Brad Bird doesn't want to call Incredibles 2 feminist — but that doesn't mean you can't
If you’ve seen any trailers for the Incredibles 2, one thing is abundantly clear: This movie is very much about Mrs. Incredible, not the Mr. As we’ll see in the movie — so tiny spoilers from the trailers — Helen Parr is now tasked with saving the world, which means that Bob has to stay behind and handle their rowdy super-kids. That alone signifies that the times are a-changing just like they are all over the world right now. Might Incredibles 2 be Pixar’s most feminist movie to date, with a lady at the forefront saving the day? It sure looks that way — but director Brad Bird doesn’t necessarily want to call it feminist himself.
Before you get your capes in a bunch, there’s a reason Bird doesn’t want to label his film, and the sheer act of not thinking of the movie as feminist might make it even MORE feminist…in a way.
“I don’t think you would ever catch me saying that [it’s feminist] because that makes is sound like it has an agenda,” Bird explained to HelloGiggles at a press day for Incredibles 2 up at Pixar in Emeryville, California. “I think that we had strong women characters in the first Incredibles. That’s part of our wheel house and that hasn’t changed, but it makes it sound like this is a new thing that is informed by something that’s happening in society and that’s not true. Its more about exploring [Helen] a little more because it’s entertaining and interesting. Not because we want to pound the table. But, if somebody else said [that it’s feminist], I don’t think we would be upset.”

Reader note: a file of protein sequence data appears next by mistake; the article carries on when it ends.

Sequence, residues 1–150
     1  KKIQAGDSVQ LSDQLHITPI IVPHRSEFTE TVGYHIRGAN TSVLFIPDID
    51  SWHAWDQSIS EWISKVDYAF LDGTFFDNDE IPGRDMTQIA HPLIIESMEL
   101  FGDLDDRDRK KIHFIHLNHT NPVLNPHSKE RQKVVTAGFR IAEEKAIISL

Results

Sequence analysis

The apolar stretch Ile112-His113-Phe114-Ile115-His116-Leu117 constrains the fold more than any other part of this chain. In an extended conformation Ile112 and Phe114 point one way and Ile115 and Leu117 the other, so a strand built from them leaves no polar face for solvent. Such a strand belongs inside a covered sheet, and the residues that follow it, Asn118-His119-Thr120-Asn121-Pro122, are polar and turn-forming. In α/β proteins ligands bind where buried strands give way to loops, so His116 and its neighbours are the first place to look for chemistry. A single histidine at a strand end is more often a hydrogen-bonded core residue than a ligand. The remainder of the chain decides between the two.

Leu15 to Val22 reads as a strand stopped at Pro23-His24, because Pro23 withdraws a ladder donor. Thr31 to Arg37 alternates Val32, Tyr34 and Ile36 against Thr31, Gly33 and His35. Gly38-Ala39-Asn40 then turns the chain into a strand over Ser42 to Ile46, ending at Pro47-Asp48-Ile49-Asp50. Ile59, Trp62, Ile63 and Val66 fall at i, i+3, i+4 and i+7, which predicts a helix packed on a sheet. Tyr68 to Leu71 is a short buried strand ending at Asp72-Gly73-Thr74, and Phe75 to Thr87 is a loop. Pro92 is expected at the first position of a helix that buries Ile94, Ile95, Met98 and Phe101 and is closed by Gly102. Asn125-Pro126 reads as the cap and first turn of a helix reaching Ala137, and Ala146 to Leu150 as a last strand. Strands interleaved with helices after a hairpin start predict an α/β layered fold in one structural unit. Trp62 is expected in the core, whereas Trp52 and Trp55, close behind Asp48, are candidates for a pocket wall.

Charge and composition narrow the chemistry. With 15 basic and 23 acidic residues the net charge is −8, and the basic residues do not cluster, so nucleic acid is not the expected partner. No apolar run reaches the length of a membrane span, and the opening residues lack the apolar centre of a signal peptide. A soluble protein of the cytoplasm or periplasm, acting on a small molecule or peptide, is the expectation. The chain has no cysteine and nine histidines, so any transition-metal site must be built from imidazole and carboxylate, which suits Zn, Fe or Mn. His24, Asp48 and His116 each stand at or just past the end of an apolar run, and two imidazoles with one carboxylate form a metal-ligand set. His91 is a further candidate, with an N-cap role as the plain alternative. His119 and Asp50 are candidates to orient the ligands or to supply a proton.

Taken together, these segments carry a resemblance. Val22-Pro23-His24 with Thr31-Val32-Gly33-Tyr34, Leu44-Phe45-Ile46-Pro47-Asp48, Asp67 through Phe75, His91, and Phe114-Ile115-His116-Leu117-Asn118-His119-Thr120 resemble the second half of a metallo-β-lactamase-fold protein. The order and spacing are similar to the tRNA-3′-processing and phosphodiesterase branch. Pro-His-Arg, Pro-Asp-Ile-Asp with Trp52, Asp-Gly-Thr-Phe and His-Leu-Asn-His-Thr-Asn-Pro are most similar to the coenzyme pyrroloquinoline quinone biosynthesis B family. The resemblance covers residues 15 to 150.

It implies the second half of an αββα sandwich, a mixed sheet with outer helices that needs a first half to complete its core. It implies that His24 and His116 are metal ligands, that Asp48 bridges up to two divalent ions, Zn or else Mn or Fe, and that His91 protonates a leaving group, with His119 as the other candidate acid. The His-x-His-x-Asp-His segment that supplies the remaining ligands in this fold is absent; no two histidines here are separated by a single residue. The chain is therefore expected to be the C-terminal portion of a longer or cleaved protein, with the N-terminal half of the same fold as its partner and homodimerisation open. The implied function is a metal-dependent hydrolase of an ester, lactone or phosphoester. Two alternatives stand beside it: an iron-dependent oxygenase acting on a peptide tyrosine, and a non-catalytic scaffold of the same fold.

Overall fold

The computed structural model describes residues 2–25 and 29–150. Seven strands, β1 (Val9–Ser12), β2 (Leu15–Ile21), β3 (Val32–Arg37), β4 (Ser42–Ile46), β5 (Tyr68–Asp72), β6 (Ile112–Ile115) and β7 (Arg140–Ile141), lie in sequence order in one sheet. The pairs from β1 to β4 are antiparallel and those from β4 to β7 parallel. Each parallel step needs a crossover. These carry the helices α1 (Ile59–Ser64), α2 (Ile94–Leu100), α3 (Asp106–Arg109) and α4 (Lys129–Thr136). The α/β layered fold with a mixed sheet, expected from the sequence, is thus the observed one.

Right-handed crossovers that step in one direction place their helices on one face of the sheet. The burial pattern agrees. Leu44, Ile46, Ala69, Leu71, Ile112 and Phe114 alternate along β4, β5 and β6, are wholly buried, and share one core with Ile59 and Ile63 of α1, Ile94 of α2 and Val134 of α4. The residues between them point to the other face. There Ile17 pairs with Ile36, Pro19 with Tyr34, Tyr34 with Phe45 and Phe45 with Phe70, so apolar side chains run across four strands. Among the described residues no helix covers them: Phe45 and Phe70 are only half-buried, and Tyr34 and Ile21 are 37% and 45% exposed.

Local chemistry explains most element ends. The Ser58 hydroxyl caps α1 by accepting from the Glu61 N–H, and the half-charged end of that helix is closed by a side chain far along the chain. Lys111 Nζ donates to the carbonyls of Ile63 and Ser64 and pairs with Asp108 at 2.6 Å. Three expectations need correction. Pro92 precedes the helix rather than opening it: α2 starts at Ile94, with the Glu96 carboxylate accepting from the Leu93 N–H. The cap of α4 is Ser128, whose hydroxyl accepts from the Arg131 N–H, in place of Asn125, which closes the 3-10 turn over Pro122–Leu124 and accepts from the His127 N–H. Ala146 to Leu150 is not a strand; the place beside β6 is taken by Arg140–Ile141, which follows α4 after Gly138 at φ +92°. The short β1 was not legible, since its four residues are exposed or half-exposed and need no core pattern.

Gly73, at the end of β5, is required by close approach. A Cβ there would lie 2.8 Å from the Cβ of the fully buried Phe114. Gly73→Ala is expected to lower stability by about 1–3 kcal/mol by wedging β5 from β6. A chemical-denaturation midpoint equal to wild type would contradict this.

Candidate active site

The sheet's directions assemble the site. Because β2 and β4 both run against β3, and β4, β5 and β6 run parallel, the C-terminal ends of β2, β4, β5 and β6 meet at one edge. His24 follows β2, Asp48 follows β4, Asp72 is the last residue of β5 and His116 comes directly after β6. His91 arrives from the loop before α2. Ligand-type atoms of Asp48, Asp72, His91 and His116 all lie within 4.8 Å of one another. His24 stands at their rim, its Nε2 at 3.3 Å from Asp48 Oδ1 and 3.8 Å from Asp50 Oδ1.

So yeah, feel free to yell from the rooftops that Incredibles 2 is hella feminist, even though it’s not trying to be. It’s simply a reflection of our changing times and world — and how it’s incredibly common for women to be away from home, working to support their families and themselves. It’s by no means a statement.
“I think it’s a real story about how families live today,” Nicole Paradis Grindle, one of the producers on the film, chimes in. “I don’t think that it’s revolutionary that mothers work and fathers take care of the kids, alone. I think that’s what makes it compelling and I don’t think it needs to be a message anymore, it’s just reality.”
It’s a reality we like, and can get behind. Incredibles 2 isn’t trying to be feminist — it just is. You can watch Helen save the day — and probably Bob at home, too — in theaters June 15th.